As the day wound down, TCU Fishing Club members filled the meeting room, chatting anxiously about their latest big catches and showing off their newest camouflage gear.
They were ready to begin making a name for themselves on campus.
The club was officially recognized as a student organization in August. It started out with 10 members, and club founder and sophomore nursing major Austin Tucker said he looks forward to growth.
Tucker got the idea to start the club by talking with friends and family about getting the university involved in the sport he always loved.
“It’s a really laid-back sport. It’s a great way for me to escape the stress of everyday life,” Tucker said.
As a new organization, the club started activities by hosting a tournament among club members only, Tucker said. Members paired up to fish at the Trinity River at sunrise on Saturday, each aiming to catch the longest fish of the day.
To encourage active competition, Tucker said the organization established a point system at each tournament, where the pair with the most points wins an undetermined prize.
However, each pair would have more to compete for when the chance to compete in intercollegiate tournaments comes into play. The club is considering having the top few pairs move on to compete in four different intercollegiate state fishing tournaments.
Forrest L. Wood Outdoors, more commonly known as FLW, will sponsor the tournaments in the spring. Doing well in state tournaments would give club members the opportunity to compete in national FLW tournaments. The 2012 tournament will be held in Alabama, where winners can receive $100,000 and a new fishing boat, Tucker said.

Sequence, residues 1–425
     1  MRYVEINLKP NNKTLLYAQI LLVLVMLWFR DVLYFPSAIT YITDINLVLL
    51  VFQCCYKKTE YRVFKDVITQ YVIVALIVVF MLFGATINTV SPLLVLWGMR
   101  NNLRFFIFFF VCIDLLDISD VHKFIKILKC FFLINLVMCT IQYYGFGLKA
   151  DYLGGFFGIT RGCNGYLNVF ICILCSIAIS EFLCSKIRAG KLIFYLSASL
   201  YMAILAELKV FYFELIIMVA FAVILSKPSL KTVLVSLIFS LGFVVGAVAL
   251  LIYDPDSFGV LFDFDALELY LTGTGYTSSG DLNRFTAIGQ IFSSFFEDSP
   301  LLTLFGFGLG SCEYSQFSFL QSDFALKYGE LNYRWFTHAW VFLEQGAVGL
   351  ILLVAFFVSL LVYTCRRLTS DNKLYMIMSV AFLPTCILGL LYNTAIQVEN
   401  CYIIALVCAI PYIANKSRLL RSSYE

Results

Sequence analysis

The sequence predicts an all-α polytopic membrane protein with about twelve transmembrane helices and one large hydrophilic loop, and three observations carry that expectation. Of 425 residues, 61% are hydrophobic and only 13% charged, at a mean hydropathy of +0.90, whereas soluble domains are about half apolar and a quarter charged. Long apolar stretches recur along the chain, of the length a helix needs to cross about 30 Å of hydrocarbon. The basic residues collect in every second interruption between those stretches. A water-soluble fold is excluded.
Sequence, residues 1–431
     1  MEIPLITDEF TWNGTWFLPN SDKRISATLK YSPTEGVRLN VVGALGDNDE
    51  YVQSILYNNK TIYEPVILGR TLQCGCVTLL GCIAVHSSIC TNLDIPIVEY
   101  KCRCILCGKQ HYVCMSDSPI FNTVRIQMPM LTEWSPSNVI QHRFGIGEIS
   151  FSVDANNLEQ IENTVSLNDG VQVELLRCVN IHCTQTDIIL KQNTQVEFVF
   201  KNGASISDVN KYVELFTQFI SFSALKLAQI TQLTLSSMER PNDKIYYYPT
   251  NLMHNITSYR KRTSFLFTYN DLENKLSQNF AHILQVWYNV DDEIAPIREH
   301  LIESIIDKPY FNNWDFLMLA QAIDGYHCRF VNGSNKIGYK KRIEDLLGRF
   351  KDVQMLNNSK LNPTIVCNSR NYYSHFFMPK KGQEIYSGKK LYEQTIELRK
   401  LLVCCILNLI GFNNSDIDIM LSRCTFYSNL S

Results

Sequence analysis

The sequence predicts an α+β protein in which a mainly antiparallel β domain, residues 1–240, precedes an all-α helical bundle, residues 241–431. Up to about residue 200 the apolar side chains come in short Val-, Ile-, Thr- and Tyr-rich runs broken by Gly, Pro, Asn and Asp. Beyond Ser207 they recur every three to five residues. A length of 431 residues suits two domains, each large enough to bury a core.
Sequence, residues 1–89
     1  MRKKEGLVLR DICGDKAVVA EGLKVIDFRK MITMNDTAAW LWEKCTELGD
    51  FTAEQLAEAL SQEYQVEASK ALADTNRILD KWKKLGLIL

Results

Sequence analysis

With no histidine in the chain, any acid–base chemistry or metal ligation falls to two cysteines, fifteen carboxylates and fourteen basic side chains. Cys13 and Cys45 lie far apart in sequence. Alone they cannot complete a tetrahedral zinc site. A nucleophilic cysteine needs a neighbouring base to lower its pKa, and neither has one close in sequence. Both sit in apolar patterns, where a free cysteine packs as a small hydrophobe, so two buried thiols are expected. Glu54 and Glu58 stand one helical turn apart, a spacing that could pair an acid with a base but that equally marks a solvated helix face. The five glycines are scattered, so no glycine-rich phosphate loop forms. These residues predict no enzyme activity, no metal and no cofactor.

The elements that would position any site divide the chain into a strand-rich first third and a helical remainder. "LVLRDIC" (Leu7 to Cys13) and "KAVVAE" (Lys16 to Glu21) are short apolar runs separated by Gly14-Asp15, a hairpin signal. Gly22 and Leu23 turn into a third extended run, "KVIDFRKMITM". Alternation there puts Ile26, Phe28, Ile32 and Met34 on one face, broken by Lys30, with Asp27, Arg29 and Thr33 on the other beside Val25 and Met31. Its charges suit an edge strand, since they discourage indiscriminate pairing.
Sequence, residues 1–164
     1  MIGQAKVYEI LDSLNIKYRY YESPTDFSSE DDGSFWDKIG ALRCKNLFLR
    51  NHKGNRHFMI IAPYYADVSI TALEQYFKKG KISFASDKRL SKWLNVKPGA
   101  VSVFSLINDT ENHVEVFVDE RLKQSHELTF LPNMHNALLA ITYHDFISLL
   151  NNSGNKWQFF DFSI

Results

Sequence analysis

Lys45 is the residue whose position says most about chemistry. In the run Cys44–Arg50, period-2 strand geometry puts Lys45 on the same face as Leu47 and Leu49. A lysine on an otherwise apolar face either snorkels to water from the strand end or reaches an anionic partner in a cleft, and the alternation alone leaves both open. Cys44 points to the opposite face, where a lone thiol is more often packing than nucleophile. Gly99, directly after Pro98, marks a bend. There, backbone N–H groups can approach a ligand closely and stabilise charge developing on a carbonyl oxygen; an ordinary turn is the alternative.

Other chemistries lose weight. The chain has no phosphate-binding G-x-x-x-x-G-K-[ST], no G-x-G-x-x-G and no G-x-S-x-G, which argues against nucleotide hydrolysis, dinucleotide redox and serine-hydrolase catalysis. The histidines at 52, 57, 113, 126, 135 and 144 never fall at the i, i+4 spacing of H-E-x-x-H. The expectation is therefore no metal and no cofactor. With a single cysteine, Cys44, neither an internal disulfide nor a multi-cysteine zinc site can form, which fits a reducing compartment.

Fishing club member and junior geography major Guillermo Gonzalez said he has been to a few tournaments before.
“It’s such a great way to get away, relax and just take on nature,” he said.
Gonzalez said he had hoped to one day be a part of the tournaments himself and represent his university.
Club membership dues for FLW tournaments and club events are still in the works, Tucker said.
While discussing those dues, the idea of making TCU Fishing Club jerseys blossomed. The jerseys would have the member’s last name printed on the back with sponsor logos. The plans for getting sponsors for the club have not been finalized, Tucker said.
Members were also eager about having their own long-sleeved polos for the colder weather.
“Fishing is really a year-round sport. In the fall or winter you might be thinking, ‘Man, it’s really cold outside,’ but you just get over it and keep fishing,” he said.
Anyone with a passion for the sport should come check out the meetings and contact Tucker for details on how to attend the practices or tournaments, Tucker said. He also said the sport does not get in the way of studying.
Until they get more students involved, club members are focusing on raising awareness of the sport on campus.
“A lot of people think that fishing isn’t a sport, but it takes a lot of skill,” Gonzalez said. “It doesn’t sound like rocket science to sit down and cast [the rod], but it’s not necessarily the easiest thing in the world.”
Wednesday, Dec. 7 at 8 p.m.
Weight Room classroom at the University Recreation Center
Anyone welcome to attend
Thursday, Dec. 8 at 7 a.m.
Must be a club member with a valid fishing license to participate
Equipment available if needed
Contact Austin Tucker for more details